As far as I know, I'm the only liberal-leaning columnist who regularly writes with mostly conservative readers in mind. There's a story behind why that is --- a story about love, and one that makes me sad.
The love arose for me during the first decade (starting in 1992) of my doing talk radio conversation with a mostly conservative audience in the Shenandoah Valley. Over the years, my conservative listeners/callers and I developed a rapport that meant a lot to me.
As for the sad part, here's an illustration: A lot of conservative readers of this newspaper, I expect, have come to think of a "liberal" as the enemy, and won't even read a column if they see my name at the top.
When I first started doing radio on the prominent AM station, WSVA, in Harrisonburg, Virginia,I had come to believe that both liberals and conservatives had important truths to offer, and that we should work to bring the partial truths of the two sides together into a higher wisdom.
That was my goal for my radio conversations, and I introduced my shows by saying that we should speak with each other "as if we might actually learn from each other."
Bridging that divide was important, I thought, to undo the damage being done to our nation by, for example, the polarizing "Godzilla of Talk Radio," Rush Limbaugh. Polarization takes people away from wisdom, and it disables a citizenry from being able to work together to achieve their common purposes.
For a decade, in the community we created on the airwaves of the Shenandoah Valley, we made progress in building such bridges. And I felt a love for that mostly conservative community. Really, "love" was the right word.
But then came a change--change at the national level, but visible also here locally. It was not a healthy change.
If I had to identify a single person who engineered the change, it would be Karl Rove. He was brilliant at turning one group of Americans against another--and he had access to the nation's "bully pulpit" from which to do it so powerfully that our local community of respectful conversation got swept away as if by a tsunami.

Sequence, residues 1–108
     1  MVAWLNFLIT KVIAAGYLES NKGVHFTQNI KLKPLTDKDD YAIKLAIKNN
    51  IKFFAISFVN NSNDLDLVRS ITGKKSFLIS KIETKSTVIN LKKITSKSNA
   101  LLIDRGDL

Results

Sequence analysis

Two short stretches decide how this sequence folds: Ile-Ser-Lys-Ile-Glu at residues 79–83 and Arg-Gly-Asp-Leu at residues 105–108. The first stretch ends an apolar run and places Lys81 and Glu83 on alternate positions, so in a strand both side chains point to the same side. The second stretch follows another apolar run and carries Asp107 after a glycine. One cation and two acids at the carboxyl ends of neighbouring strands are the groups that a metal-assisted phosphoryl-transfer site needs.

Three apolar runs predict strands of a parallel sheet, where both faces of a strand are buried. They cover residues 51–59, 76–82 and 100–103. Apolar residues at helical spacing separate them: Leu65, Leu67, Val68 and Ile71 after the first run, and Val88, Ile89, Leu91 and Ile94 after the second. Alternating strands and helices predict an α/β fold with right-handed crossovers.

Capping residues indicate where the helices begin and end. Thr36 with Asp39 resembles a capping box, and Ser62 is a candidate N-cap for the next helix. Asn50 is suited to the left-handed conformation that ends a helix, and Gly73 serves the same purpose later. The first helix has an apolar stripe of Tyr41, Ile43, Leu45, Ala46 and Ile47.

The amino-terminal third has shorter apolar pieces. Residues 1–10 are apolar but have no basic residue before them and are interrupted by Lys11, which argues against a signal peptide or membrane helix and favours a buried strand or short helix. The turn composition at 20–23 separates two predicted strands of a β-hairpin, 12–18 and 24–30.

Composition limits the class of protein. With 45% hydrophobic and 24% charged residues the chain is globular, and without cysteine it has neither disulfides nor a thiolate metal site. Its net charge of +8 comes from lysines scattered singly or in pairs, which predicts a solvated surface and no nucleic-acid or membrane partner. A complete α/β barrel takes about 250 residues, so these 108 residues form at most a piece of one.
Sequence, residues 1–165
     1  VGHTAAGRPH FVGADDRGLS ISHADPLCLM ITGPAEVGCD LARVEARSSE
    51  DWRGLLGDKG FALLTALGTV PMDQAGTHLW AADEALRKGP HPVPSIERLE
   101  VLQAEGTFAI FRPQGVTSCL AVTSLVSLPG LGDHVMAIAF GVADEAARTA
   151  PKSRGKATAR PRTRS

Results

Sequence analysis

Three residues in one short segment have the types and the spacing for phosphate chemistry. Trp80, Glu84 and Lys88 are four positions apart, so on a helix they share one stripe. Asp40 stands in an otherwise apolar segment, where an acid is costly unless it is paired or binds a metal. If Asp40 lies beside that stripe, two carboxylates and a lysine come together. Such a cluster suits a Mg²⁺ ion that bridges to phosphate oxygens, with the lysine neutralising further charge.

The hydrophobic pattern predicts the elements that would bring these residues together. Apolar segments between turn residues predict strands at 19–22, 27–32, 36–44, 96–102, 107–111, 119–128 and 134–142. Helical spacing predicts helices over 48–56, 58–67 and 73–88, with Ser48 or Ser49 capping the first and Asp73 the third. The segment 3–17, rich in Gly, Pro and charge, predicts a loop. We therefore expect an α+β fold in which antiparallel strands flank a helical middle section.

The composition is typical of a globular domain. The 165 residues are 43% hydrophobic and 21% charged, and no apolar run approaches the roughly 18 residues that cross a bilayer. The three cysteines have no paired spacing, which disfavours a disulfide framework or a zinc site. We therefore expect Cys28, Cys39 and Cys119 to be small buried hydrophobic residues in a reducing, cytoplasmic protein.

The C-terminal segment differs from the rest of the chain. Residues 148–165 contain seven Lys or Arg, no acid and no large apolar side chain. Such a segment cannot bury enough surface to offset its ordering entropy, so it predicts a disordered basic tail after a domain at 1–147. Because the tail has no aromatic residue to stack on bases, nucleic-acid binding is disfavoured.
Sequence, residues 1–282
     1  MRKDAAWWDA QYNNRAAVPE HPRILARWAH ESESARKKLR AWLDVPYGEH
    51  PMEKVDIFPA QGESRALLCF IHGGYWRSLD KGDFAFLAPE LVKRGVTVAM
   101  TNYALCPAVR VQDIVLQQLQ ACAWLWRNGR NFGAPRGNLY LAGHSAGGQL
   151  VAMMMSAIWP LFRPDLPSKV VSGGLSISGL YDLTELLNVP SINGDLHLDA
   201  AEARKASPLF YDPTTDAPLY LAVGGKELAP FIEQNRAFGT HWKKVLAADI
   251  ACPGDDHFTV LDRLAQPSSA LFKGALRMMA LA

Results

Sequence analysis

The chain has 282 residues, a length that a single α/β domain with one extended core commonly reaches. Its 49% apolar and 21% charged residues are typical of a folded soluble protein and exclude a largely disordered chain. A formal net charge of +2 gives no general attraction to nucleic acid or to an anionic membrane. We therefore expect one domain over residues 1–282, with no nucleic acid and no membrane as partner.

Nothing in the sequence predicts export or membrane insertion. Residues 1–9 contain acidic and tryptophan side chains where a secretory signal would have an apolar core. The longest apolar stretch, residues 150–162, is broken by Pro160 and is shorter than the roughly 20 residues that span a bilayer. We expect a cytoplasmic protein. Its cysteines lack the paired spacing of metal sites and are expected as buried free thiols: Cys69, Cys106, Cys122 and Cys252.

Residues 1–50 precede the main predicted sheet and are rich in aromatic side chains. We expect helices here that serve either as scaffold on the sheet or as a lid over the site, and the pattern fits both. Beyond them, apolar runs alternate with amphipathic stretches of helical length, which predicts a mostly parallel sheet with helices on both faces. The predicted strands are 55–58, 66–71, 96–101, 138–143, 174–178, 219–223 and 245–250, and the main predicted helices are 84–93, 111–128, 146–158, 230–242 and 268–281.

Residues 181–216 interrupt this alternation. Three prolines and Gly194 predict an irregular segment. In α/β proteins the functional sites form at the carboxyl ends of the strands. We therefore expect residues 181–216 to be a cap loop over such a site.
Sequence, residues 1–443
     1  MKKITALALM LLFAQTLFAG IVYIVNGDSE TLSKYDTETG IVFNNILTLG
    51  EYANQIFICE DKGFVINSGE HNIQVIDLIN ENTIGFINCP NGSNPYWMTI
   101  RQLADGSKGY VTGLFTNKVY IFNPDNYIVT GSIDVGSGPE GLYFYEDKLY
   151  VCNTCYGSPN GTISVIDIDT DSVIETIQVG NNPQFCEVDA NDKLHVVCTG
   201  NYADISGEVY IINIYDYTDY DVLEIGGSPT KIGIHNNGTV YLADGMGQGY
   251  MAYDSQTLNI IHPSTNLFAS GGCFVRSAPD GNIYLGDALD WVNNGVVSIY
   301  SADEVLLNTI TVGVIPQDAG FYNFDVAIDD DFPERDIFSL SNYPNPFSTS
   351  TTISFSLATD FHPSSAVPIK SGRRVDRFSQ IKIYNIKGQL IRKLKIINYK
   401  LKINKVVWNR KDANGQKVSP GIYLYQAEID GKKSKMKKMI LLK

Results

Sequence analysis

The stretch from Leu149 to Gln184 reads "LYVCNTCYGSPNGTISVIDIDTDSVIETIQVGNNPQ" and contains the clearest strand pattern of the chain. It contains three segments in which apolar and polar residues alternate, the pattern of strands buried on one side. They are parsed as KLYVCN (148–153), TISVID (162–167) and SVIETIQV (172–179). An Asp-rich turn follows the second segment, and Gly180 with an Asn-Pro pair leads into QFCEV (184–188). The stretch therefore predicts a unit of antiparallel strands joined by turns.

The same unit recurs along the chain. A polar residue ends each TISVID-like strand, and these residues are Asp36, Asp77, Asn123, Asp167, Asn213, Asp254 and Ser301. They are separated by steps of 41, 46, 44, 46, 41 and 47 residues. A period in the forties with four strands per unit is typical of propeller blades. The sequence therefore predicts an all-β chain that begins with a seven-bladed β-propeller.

As someone who was brought up to regard truthfulness as a sacred value, I have found most disturbing the way the good conservatives I used to talk with have been led into believing so many things that are just plain false. It becomes impossible to talk "as if we might actually learn from each other" with people who "know" that the president was born in Kenya, or that the health-care legislation establishes "death panels," or so many other things that just are not so.
But having discovered how closely guarded are the walls around that system of falsehoods, I'd like to suggest in a different way the regrettable nature of the changes that have taken place, by asking the good, decent conservatives of our area these questions:
1) Twenty or thirty years ago, did you hold your fellow citizens on the other political side in the same degree of contempt, and with the same hostility, that you feel now? (And if you're younger than that, did your parents and grandparents feel as antagonistic toward Americans of the other party as you now do?)
2) Have your leaders provided you with a positive vision for America's future. Have they shown an interest -- as our political parties, both liberal and conservative, have traditionally done -- in making America into something even better than it has ever been?